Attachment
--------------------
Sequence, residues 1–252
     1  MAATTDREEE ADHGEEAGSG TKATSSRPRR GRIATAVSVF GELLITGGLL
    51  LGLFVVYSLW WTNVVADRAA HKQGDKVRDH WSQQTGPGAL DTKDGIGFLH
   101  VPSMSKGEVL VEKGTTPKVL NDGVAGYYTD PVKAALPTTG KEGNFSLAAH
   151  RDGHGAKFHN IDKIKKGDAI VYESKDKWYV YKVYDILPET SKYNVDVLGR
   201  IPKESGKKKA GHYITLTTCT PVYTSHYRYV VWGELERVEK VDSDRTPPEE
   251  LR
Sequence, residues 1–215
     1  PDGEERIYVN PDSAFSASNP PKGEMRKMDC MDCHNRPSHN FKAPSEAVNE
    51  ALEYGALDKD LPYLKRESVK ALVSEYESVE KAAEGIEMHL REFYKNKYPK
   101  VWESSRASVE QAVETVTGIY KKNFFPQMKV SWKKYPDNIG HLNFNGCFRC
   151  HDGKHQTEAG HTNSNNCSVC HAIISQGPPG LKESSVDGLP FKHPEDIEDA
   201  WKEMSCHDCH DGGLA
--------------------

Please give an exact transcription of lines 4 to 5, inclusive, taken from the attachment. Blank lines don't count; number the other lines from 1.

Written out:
   101  VPSMSKGEVL VEKGTTPKVL NDGVAGYYTD PVKAALPTTG KEGNFSLAAH
   151  RDGHGAKFHN IDKIKKGDAI VYESKDKWYV YKVYDILPET SKYNVDVLGR